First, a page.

Washington -- The National Highway Traffic Safety Administration said the number of people killed in distracted driving crashes rose in 2011, but fewer were injured.

The agency also found driver behavior with cellphones isn't dramatically changing, despite a flurry of new state laws.

NHTSA says 3,331 people were killed in 2011 in crashes involving distracted drivers, accounting for 10 percent of all traffic deaths. That's up from 3,092 distraction-related deaths in 2010. But the number of people injured fell from 416,000 in 2010 to 387,000 in 2011. The number injured in crashes involving cellphone use is also dropping: from 24,000 in 2010 to 21,000 in 2011.

The number of crashes affected by a distracted driver fell from 900,000 in 2010 to 826,000 in 2011, while the number involving cellphone use rose slightly from 47,000 in 2010 to 50,000 in 2011.

NHTSA said more than 6,000 people age 16 and older were interviewed by phone for the National Survey on Distracted Driving Attitudes and Behaviors. Almost half of drivers said they answer an incoming call, and one-quarter are willing to place a call. The survey found slightly fewer are willing to make a call while driving compared to 2010 -- 28 percent to 24 percent in the new survey. But there is little, if any, change in those who answer a call while driving -- from 52 percent to 49 percent. Of those surveyed, 40 percent said they never answer phone calls while driving.


Advertisement

In recent weeks, major automakers have been lobbying the White House to hold off finalizing voluntary guidelines for automakers to prevent distracted driving.

The guidelines proposed in February 2012 by the NHTSA are aimed at keeping drivers' focus on the task at hand. NHTSA's guidelines would limit device operation to one hand, leaving the other hand for the steering wheel; limit to two seconds the time needed to look away from the road to operate devices for no more than 12 seconds per task; limit unnecessary visual information in the driver's field of view; and limit the inputs required for device operation, among other proposals.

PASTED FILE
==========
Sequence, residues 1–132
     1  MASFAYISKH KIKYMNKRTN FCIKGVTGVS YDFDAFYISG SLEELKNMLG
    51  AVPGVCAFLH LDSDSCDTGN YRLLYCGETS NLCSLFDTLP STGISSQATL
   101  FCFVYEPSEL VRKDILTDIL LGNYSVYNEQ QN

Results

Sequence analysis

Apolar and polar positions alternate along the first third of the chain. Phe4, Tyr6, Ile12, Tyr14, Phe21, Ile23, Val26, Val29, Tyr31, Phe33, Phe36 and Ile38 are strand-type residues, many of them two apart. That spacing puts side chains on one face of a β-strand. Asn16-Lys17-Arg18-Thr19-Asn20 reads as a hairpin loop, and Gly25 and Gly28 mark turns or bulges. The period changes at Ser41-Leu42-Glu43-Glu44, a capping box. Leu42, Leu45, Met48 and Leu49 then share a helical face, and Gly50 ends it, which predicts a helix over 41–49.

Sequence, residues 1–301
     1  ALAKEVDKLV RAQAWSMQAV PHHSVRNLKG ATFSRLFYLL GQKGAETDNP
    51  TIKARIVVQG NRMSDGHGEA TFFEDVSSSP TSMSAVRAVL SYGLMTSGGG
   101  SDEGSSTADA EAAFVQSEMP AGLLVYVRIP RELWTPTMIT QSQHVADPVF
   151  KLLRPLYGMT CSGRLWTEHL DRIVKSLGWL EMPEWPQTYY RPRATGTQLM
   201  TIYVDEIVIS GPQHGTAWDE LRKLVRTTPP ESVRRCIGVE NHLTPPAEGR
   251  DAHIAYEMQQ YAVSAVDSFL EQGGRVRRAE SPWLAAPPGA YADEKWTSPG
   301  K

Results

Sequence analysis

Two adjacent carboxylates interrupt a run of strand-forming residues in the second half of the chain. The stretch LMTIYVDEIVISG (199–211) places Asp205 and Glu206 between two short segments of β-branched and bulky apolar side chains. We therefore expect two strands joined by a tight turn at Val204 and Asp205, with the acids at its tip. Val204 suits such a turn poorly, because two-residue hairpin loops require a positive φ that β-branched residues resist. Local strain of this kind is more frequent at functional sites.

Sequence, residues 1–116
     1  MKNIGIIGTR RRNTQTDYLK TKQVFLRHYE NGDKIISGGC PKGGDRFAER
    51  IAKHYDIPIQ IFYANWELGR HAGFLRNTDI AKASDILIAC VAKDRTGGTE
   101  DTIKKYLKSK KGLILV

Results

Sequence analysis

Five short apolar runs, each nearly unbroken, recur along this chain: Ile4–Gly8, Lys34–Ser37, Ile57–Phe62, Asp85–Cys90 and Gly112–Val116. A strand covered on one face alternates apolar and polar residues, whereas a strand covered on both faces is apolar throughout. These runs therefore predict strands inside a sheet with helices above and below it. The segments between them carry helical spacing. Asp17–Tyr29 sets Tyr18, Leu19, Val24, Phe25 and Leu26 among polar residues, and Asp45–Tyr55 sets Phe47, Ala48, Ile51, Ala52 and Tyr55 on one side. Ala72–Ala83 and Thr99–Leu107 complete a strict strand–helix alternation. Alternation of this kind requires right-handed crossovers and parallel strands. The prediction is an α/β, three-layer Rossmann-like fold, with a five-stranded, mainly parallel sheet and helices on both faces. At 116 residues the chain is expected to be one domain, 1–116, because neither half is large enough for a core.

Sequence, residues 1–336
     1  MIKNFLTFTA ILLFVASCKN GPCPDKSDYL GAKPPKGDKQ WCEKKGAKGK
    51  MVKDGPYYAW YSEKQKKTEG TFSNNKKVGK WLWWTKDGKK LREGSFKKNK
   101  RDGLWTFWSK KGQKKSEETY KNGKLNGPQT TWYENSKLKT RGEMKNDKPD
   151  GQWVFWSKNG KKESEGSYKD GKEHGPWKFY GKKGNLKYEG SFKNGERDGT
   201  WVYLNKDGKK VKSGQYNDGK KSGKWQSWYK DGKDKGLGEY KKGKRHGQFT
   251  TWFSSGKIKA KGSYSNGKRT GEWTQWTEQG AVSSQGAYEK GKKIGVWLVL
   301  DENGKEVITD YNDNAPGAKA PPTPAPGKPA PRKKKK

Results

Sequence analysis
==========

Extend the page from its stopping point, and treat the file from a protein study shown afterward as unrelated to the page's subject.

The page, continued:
The Alliance of Automobile Manufacturers, the trade association that represents Detroit's Big Three automakers, Toyota Motor Corp., Volkswagen AG and seven other automakers, wants NHTSA to rethink its approach by creating guidelines that would apply to both automakers and cellphone companies.

But NHTSA Administrator David Strickland told reporters Thursday that the agency thinks its approach makes the most sense and said he still thinks they will be released soon. "We anticipate them to be released fairly soon," Strickland said. "Because this is an evolving issue, we felt that the phased approach is clearly the best approach."

Automakers worry that if the guidelines are unveiled and restrict vehicle technology, it could push drivers to opt for more unsafe behavior with hand-held phones. "The best thing to do is get everybody around a table and to try to drive a more expeditious comprehensive solution," " said Mitch Bainwol, president and CEO of the auto alliance. "Because of the penetration and utilization of smartphones, you have to have a comprehensive approach."

NHTSA should work with automakers, app developers and cellphone makers to develop guidelines to more broadly address the issue of distracted driving, Bainwol said.

Bainwol met last month with the White House Office of Management and Budget, and held a separate meeting with the National Transportation Safety Board chair Debbie Hersman to make the case that restricting automakers in vehicle technology will prompt drivers to use their cellphones behind the wheel.

 

Bainwol argues the NHTSA guidelines will encourage drivers not to "look down, not up" and not to pair phones with their vehicles.

NHTSA should encourage policies by automakers "that motivate drivers to connect mobile devices to integrated in-vehicle systems," the alliance's presentation said. "Many of these apps will originate outside of the U.S. and may not operate consistently with safe driving."

Automakers note that after-market devices are for sale that let vehicle owners "unlock" navigation interfaces -- to use rear cameras, telephone dialing and address navigation inputs -- and defeat automaker restrictions.

Efforts to ban nearly all cellphone use by drivers hasn't made progress. The National Transportation Safety Board wants to ban drivers from making hand-held and hands-free phone calls from behind the wheel. The NTSB recommendation made in December 2011 wouldn't bar calls made directly through a vehicle, such as General Motors Co.'s OnStar. But the NTSB does want to bar calls made through a vehicle and a "paired" hand-held cellphone.

dshepardson@detnews.com

(202) 662-8735

twitter.com/davidshepardson